Bugsy Malone

"Grim"
Bugsy Malone

Facts and Figures

Run time: 93 mins

In Theaters: Wednesday 15th September 1976

Distributed by: Paramount Pictures

Production compaines: Goodtimes Enterprises, Bugsy Malone Productions, National Film Finance Consortium, Robert Stigwood Organization (RSO), National Film Trustee Company, The Rank Organisation

Reviews

Contactmusic.com: 2 / 5

Rotten Tomatoes: 83%
Fresh: 15 Rotten: 3

IMDB: 6.8 / 10

Cast & Crew

Director:

Producer:

Starring: as Tallulah, Martin Lev as Dandy Dan, John Cassisi as Fat Sam, as Bugsy Malone, Florrie Dugger as Blousey, Paul Murphy as Leroy Smith, Sheridan Earl Russell as Knuckles, Albin 'Humpty' Jenkins as Fizzy, Paul Chirelstein as Smolsky, Andrew Paul as O'Dreary, Davidson Knight as Cagey Joe, as Razamataz, Jeff Stevenson as Louis, Peter Holder as Ritzy, Donald Waugh as Snake Eyes, Michael Kirkby as Angelo, Jon Zebrowski as Shoulders, Jorge Valdez as Bronx Charlie, as Benny Lee

Also starring: ,

Bugsy Malone Review


Fourteen-year-old Jodie Foster had a very busy and very weird year in 1976. There was Freaky Friday for Disney, there was Taxi Driver for Scorsese, and then there was this. Thirty years after its release, Bugsy Malone, an adult gangster comedy/musical in which all the roles are played by children, can make you nostalgic for the '70s and the '30s at the same time. That this oddity was directed by Alan "Midnight Express" Parker, only makes the whole thing more bizarre. Watching the always amazing Jodie vamp it up with her co-star, '70s teen dreamboat Scott Baio, as they lip sync to tracks of the adults who sing for them is one of the stranger cinematic experiences you'll ever have. Forgive me if I pause a moment to go look up more synonyms for "weird."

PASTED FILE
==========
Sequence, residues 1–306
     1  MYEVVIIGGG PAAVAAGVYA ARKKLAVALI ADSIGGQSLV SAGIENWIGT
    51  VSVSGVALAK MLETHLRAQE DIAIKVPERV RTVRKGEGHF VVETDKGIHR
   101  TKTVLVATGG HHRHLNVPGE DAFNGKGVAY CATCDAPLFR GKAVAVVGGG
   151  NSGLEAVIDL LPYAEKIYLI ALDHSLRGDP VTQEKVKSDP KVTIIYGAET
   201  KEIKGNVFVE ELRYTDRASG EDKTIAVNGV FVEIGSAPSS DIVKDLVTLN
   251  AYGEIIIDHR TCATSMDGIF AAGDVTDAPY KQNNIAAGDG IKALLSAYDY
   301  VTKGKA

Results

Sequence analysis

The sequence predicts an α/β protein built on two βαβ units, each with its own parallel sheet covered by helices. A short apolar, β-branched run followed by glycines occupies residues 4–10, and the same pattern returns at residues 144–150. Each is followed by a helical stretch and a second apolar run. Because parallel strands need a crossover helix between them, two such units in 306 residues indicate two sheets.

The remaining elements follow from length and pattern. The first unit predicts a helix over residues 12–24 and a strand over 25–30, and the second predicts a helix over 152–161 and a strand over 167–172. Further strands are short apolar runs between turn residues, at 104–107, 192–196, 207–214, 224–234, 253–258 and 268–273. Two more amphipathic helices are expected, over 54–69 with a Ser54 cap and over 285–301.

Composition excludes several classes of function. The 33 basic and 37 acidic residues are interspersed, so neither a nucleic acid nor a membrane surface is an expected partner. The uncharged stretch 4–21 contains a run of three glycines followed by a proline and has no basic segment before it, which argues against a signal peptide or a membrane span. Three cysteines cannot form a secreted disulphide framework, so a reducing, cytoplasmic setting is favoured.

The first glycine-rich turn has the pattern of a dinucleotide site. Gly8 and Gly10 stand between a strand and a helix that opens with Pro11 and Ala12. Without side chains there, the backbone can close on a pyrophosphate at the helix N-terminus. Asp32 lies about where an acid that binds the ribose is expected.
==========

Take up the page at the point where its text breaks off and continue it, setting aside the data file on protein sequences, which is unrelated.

Basically a story of warring gangs, Bugsy Malone introduces us to Fat Sam (John Cassisi) and Dandy Dan (Martin Lev), who are battling for turf. Bugsy (Baio) shows up at Sam's bar and meets Blousey Brown (Florrie Duggal), who wants to be a star. When the bar is raided, Dandy Dan breaks out his new weapon, a "Splurge gun" that shoots whipped cream. Bugsy and Blousey hit it off, but he's also caught the eye of sexy vamp Talullah (Foster), who always gets her man. Do you care?

With a dozen songs by short-limbed '70s pop music go-to guy Paul Williams, most of which are utterly forgettable drivel that even the Carpenters or the Captain and Tennille couldn't have salvaged, the movie goes along in its own insane way, alternating between boring stretches, the dubbed songs, and Splurge gun fights that leave all the kid gangsters covered with goo. One wonders how all the middle school students who use this story as a basis for their annual school play finesse those gunfight scenes.

If there's any winner here it's Foster, who does what she can with the material, playing the tough girl just as she did for Scorsese (and just as she still does today). There's little else here that delivers even the bare minimum for a musical or a comedy. Your kiddies may find it fun to watch other kiddies playing dress up, but you'll just be scratching your head in amazement as you ponder the fact that Baio, not Foster, was supposed to be the breakout star of this show.

Why doncha come up and see me some time. We'll watch Teletubbies.


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